Welcome to The CITE -- a blog on Course materials, Innovation, and Technology in Education, created by Mark Nelson and now part of the Publications Department of the National Association of College Stores. CITE is a pun with multiple meanings - referring to cite as in citation, something people reference; site as in location, website, or place people go to; and sight as in foresight or looking ahead to what is coming. Comments, discussion, feedback and ideas are welcome.

Thursday, August 6, 2015

Study Finds Students Accept Digital

There have been plenty of studies that show students prefer printed text to digital when it comes to their course materials. The educational technology firm VitalSource Technologies thinks students are starting to appreciate digital more.

The company’s fifth-annual survey on the impact of technology in education reported that 78% of students use digital course materials, up 48% from 2011. Affordability was the greatest benefit to using digital textbooks, according to 34% of the responding college students, while 31% said digital was more convenient, and 20% said it was more engaging.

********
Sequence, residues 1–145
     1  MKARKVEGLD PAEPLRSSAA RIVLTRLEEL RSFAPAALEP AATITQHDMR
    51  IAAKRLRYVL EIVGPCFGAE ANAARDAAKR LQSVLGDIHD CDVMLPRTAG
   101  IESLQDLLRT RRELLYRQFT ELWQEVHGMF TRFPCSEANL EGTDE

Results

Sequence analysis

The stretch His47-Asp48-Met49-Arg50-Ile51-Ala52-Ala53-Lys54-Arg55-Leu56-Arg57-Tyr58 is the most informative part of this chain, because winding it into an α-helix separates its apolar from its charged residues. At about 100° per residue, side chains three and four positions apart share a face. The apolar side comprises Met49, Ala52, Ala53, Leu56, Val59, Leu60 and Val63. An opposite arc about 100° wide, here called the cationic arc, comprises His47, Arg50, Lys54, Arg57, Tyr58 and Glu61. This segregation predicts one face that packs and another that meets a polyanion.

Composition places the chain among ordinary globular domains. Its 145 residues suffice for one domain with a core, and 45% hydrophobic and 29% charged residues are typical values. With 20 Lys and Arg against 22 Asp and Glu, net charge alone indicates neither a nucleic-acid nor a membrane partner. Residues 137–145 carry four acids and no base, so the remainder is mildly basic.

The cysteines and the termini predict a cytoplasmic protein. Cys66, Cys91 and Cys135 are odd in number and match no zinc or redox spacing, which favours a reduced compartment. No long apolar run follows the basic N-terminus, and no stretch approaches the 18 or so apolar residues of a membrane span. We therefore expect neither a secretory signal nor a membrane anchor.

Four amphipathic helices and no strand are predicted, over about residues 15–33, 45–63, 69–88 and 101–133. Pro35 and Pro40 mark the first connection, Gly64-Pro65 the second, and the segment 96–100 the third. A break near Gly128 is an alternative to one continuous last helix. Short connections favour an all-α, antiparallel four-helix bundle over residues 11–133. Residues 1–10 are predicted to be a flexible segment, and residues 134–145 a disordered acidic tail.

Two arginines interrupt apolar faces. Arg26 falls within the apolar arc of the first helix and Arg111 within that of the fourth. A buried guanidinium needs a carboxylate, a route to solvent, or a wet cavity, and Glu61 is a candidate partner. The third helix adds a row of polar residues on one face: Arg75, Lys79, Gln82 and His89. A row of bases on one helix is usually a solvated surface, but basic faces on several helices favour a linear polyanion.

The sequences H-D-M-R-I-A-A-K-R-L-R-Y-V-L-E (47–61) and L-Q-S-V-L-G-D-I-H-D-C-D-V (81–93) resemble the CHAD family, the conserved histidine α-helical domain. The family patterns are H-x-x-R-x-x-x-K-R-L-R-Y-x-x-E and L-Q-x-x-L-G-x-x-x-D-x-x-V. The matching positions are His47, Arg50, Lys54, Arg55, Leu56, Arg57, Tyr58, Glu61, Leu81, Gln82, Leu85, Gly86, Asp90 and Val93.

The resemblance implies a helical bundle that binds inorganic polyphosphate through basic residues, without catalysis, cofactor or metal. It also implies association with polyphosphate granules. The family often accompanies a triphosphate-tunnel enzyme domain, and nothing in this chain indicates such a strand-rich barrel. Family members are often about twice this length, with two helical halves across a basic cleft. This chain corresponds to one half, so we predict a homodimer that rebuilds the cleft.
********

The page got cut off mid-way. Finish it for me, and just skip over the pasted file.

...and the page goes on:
To 61% of the responding students, digital homework was more interactive and 48% felt their learning was enhanced by digital elements. A majority of the students (61%) thought the ability digital content provides to have instant feedback from professors improved their learning and 55% said the ability to personalize their education with digital was helpful.

“Technology continues to be of critical importance to students, especially in the classroom,” said Cindy Clarke, VitalSource vice president of marketing, in a release. “The research validates the degree to which students depend on technology to provide them with a competitive edge while they are in school and after graduation as they prepare to enter the workforce, which is increasingly digitally literate and globally connected.” 

No comments: